Global Family Economic Well-Being

KEY FINDING: Childhood mortality and undernourishment are both indicators of poverty, but there are variations in how well countries translate resources into good health outcomes.

Generally speaking, national income per capita is a good predictor of family economic well-being, and therefore the wealthier countries in our sample exhibit healthier outcomes related to poverty within families.11 However, family economic well-being also varies with social and cultural factors. Here we map two outcomes that are indicative of material deprivation: childhood mortality and undernourishment in the entire population. While national income levels generally help predict the extent of deprivation in our target countries, there are notable outliers.


Figure 5indicates that Sweden and Japan share extremely low childhood mortality with a rate of 3 deaths before age five per 1,000 live births (see also Table 4). A lower rate is virtually inconceivable because many infants die in the first minutes of life due to genetic causes. The other East Asian countries and all of our European countries besides Poland have childhood mortality rates of 6 or lower, and Poland’s 7 is still quite respectable given that its national income per capita is less than 60 percent of the next poorest European country in our sample (Italy).12 Canada, Australia, and New Zealand also have childhood mortality of 6 or lower, but the United States does not; despite having higher per capita income than Sweden, its childhood mortality rate is 8. Racial inequality within the United States is the most widely accepted reason for persistently high childhood mortality, as infant deaths among U.S. blacks are more than twice as common as in the white population.13

Childhood death is as rare in Malaysia as it is in the rich industrialized countries at 6 per 1,000 live births. The Philippines and Indonesia have rates in the 30s, much more typical of their income levels. In Latin America, Chile stands as an example of positive deviance with a childhood mortality rate of 9, while other countries in the region range from 14–21. Chile’s advantage could derive from having a greater share of its population living in urban areas and from a low fertility rate correlating with fewer high-risk births. Additionally, the data from Chile support a long-standing theory that high levels of political participation result in better national health care delivery.14

China’s childhood mortality rate of 19 looks very poor within East Asia, but is not at all an outlier given China’s much lower per capita income than its neighbors. In the Middle East, Egypt and Saudi Arabia both have rates of 21. Saudi income levels would predict a single-digit rate, all else being equal; however, distribution of oil wealth is far from equal in Saudi Arabia.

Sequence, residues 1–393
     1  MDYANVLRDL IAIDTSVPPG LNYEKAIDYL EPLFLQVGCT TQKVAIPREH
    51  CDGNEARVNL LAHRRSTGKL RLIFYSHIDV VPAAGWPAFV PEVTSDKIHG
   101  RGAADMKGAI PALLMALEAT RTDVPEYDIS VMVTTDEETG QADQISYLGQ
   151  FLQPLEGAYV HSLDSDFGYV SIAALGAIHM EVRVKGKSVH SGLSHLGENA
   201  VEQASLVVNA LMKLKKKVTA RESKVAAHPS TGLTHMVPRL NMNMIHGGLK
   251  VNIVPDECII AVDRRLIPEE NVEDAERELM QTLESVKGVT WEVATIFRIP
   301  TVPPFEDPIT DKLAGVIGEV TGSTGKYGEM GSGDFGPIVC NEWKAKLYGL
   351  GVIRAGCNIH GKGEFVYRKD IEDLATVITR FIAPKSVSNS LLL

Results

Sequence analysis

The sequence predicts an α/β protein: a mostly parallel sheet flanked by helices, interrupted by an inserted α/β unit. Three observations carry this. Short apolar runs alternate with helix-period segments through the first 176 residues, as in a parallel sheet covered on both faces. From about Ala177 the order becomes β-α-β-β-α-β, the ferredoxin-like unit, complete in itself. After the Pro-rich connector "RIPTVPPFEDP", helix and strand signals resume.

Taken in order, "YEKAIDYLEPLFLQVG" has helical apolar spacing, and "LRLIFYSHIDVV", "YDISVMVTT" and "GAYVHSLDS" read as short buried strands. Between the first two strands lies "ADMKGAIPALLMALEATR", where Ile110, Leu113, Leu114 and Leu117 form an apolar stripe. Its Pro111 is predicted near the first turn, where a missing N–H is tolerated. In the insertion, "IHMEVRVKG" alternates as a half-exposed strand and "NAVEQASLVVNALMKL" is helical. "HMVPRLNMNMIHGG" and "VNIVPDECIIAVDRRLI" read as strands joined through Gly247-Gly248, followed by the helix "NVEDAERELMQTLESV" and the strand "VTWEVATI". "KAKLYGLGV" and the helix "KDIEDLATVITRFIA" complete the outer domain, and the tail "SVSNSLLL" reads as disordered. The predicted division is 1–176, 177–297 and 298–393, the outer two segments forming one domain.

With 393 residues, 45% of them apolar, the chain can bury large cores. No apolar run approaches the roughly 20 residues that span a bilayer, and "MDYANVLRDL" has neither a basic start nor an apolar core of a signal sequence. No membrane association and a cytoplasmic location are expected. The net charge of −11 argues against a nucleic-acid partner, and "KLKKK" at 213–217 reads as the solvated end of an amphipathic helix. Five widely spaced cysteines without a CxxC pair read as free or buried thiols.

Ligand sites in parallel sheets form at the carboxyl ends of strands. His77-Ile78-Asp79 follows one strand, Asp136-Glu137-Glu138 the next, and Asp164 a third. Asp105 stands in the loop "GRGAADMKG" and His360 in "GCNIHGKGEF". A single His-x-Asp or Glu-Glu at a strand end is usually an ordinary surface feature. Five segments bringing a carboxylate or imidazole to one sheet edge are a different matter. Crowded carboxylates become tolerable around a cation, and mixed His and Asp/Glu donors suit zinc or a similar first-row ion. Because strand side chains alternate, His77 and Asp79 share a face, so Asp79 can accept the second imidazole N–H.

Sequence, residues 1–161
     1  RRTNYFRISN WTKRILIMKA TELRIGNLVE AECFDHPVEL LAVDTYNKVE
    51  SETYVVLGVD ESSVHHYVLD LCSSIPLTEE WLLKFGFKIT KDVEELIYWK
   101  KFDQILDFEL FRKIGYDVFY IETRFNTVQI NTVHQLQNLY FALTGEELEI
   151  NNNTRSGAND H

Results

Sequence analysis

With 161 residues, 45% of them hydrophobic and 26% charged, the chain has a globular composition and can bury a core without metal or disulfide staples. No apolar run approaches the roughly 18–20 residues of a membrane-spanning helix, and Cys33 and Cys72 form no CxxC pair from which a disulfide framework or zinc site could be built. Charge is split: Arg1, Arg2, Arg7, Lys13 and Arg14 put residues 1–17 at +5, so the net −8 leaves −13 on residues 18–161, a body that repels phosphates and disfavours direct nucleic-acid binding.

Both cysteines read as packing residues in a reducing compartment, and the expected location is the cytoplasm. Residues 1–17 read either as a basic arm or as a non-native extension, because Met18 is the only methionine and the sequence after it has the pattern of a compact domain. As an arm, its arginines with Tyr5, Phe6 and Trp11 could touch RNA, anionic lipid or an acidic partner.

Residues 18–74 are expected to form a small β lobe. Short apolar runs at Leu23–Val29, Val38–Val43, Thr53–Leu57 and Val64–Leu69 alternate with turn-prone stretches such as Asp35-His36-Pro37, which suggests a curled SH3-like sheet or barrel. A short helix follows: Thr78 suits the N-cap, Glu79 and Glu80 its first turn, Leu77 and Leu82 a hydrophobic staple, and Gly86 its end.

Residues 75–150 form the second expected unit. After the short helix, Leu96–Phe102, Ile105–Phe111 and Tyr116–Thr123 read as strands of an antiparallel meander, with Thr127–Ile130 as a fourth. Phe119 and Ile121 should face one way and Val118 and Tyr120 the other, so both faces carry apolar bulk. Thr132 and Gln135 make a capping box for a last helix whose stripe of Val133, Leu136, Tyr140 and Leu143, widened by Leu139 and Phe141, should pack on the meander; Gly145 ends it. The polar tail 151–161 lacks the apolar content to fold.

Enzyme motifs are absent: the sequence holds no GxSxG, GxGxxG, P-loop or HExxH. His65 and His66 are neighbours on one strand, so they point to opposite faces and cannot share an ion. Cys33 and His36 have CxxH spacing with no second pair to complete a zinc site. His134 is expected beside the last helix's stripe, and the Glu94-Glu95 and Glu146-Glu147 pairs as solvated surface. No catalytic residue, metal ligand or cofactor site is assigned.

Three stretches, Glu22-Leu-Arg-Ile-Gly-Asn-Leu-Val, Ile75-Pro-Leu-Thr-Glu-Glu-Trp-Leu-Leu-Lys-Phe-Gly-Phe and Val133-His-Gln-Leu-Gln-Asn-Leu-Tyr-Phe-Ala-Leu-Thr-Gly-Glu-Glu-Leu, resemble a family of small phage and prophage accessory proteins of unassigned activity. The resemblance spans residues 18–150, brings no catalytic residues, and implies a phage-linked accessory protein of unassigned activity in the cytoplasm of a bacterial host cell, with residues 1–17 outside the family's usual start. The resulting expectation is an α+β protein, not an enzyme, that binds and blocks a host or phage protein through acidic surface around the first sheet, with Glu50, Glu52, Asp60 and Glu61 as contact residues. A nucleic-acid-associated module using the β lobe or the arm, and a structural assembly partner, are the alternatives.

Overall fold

The countries with high childhood mortality rates are South Africa (62), India (66), Kenya (84), and Nigeria (138). South Africa has more than three times the national income per capita that India does, but is one of the highest HIV-prevalent countries in the world. In contrast, even though Kenya suffers more from the HIV/ AIDS epidemic than does Nigeria, Kenya’s childhood mortality rate is lower than Nigeria’s.15 This is largely because Nigeria has comparatively high rates of malaria, inadequate sanitation, and underdeveloped infrastructure.


Much the same story emerges when the proportion of the population that is undernourished is considered as a measure of poverty instead of the childhood mortality rate, and again the exceptions are the interesting part of the story (see Table 4). The United States is not a negative outlier here; like other wealthy countries, less than 2.5 percent of its population is undernourished. Poland and Malaysia remain positive outliers, though Chile no longer stands out with its 4 percent falling between Argentina’s 3 and Mexico’s 5. The poorest Latin American countries in our sample, Colombia and Peru, have higher rates of undernourishment (12-13 percent). Taiwan seems to have an unusually high rate for its income level at 4 percent, but the actual rate may be 2.5 percent.16 Egypt and Saudi Arabia again come in at the same level (4); this is a success story for Egypt, where income levels more closely resemble its African neighbors than its Middle Eastern neighbors.

Indonesia far outperforms the Philippines on this measure, even though mortality is higher in Indonesia than in the Philippines. Nigeria is not a negative outlier with respect to malnourishment, again pointing to disease rather than poverty alone as the reason for its high childhood mortality. Similarly but even more dramatically, less than 2.5 percent of the South African population is undernourished.


Both childhood mortality and undernourishment are indicators of poverty, but childhood mortality is more heavily influenced by how well families are able to control infectious disease. There are clearly national-level factors that aid and inhibit family well-being in these two domains. The range of these factors is quite varied, including racial inequality, political participation, income distribution, sanitation, malaria, and HIV/AIDS.

Laurie DeRose is research assistant professor in the Maryland Population Research Center at the University of Maryland, College Park.